There had been a lot of talk about Google perhaps becoming like other ad laden portals, but as ever Google have come up trumps.

    I particularly like the idea of seperating "Froogle", I hope in the long term this will bias commercial support away from the generic pages. When I want to know about Hawaii "per se" I am just not interest in tour operators and hotels!

  • Definition (Score:5, Interesting)

    by Nomihn0 ( 739701 ) on Monday March 29, 2004 @09:51AM (#8702363)
    The (definition) feature next to your search query does something I've sought for a long time - it searches The built in "Define:search query" never worked well for me, so this is a pleasent surprise.
  • Google Web Alerts (Score:5, Informative)

    by manmanic ( 662850 ) on Monday March 29, 2004 @09:52AM (#8702375)
    Google also announced their web alerts [] at the same time. Looks interesting, but not as feature complete as Google Alert [] which has been around for some time.
  • Fatal Error (Score:5, Interesting)

    by CaptainBaz ( 621098 ) on Monday March 29, 2004 @09:53AM (#8702381) Homepage Journal
    Unfortunately, it still doesn't validate []!
    • Re:Fatal Error (Score:5, Interesting)

      by tlianza ( 454820 ) on Monday March 29, 2004 @10:01AM (#8702454) Homepage
      That's kind of funny... I guess it doesn't pay to write "proper" (X)HTML.

      I wonder if they skipped the doctype tag because it's relatively pointless for this level of basic HTML, and wasn't worth the bandwith demands to include it.
      • Re:Fatal Error (Score:5, Insightful)

        by Anonymous Coward on Monday March 29, 2004 @10:12AM (#8702542)

        I guess it doesn't pay to write "proper" (X)HTML.

        It does, but I guess Google are in the very exclusive club of "big enough to warrant all major browsers ensuring that they work with that website".

        I wonder if they skipped the doctype tag because it's relatively pointless for this level of basic HTML

        The doctype declaration (it's not a tag) indicates that the document conforms to a certain specification. Google not complying with any known HTML specification, it's arguably the correct thing to do to leave it off. Leaving it off means that browsers go into "quirks mode", whereby they deviate from the HTML and CSS specifications in an attempt to work around author mistakes.

        and wasn't worth the bandwith demands to include it.

        If Google were worried about bandwidth, they'd get rid of cruft like bgcolor=#ffffff and move the CSS into an external stylesheet. Assuming they employ front-end coders that know what they are doing of course (just because they are clueful on the back-end, it doesn't mean they are clueful on the front-end).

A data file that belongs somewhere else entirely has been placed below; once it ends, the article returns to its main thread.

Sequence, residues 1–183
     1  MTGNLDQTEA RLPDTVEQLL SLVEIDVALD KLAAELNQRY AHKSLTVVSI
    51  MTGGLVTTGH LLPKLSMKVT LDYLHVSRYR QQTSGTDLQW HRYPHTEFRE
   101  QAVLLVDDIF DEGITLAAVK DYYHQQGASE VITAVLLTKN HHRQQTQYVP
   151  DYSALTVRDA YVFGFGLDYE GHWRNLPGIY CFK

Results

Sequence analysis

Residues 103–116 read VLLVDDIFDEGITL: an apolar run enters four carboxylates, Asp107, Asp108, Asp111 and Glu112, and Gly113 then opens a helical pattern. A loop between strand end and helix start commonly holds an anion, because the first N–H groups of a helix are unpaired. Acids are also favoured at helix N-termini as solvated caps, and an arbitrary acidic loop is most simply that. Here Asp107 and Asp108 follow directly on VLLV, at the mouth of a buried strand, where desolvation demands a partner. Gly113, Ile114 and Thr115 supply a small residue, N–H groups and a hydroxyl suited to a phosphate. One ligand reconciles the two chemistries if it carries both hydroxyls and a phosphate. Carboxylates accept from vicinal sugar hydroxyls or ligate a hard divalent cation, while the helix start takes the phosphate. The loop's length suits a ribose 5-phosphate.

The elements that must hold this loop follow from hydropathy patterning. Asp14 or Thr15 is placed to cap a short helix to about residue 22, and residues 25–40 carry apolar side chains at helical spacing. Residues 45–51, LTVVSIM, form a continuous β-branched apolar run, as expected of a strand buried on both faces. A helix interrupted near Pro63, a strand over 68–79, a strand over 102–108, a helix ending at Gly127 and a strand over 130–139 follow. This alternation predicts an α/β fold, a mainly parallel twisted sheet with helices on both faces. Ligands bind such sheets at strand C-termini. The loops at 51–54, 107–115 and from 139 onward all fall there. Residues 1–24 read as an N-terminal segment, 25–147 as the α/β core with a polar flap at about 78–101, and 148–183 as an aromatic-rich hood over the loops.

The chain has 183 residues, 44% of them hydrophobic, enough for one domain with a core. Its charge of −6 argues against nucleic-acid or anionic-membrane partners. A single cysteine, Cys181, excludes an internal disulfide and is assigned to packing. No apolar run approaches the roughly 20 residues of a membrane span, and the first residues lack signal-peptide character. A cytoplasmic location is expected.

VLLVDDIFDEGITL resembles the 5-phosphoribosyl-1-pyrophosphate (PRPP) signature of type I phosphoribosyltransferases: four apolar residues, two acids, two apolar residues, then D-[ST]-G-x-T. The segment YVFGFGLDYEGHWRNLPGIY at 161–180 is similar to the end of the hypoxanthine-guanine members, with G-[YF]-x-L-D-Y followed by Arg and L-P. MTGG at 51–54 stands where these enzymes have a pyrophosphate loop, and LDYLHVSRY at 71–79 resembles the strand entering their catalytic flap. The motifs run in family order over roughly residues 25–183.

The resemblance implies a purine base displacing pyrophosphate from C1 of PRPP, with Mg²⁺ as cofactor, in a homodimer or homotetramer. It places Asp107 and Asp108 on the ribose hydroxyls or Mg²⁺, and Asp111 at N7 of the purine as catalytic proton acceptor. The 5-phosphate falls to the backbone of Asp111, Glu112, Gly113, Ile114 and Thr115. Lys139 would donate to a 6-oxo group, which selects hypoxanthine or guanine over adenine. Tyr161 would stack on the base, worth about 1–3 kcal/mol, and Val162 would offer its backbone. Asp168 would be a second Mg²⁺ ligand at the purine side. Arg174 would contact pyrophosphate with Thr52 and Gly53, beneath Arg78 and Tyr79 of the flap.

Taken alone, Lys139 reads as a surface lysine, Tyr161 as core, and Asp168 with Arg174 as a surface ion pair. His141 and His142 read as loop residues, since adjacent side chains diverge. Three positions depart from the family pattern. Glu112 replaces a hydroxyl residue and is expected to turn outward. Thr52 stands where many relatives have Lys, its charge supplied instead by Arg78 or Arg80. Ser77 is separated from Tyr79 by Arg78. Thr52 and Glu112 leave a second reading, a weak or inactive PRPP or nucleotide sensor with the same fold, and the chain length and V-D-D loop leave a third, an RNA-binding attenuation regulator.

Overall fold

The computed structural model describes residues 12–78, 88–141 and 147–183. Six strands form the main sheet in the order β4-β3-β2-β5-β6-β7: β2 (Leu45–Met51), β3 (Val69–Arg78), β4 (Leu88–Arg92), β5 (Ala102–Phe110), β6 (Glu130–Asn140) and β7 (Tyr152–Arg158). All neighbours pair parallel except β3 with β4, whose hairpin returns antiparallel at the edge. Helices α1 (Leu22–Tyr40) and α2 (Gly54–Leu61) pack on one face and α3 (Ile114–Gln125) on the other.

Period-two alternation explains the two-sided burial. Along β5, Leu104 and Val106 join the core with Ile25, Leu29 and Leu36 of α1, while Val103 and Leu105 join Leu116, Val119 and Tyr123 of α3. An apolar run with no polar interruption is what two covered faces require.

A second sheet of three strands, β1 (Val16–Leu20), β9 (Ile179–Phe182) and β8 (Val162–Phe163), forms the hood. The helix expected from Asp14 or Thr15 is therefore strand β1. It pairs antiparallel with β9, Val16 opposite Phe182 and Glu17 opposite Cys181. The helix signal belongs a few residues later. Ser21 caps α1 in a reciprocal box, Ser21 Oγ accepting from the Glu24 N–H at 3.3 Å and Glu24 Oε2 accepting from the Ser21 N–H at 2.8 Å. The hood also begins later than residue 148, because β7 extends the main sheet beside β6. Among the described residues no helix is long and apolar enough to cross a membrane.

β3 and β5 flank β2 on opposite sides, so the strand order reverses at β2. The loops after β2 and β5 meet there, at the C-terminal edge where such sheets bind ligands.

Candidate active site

• Re:Fatal Error (Score:5, Insightful)

          by hooverbag ( 698019 ) on Monday March 29, 2004 @10:25AM (#8702630)
          If Google were worried about bandwidth, they'd get rid of cruft like bgcolor=#ffffff and move the CSS into an external stylesheet.

          It may be that using the extra bandwidth is faster or more efficient than the extra http request for the external stylesheet.
          • Re:Fatal Error (Score:5, Informative)

            by Anonymous Coward on Monday March 29, 2004 @10:27AM (#8702649)

            It may be that using the extra bandwidth is faster or more efficient than the extra http request for the external stylesheet.

            That's extremely doubtful. In almost all cases, the stylesheet will not come from Google's servers. They are a popular website and the stylesheet rarely changes, so the chances of it being in somebody's browser cache are high, the chances of it being in their ISP's cache is high, the chance of it being in neither is extremely low.

          • Re:Fatal Error (Score:4, Insightful)

            by Lehk228 ( 705449 ) on Monday March 29, 2004 @11:32AM (#8703402) Journal
            Right off the bat without much customization they could shrink their logo by 7% by going to PNG instead of GIF using the exact same palette, drop it down to a 115 color pallete (almost unchanged visually, slight granularity added to shadow) and i can cut the file by 40%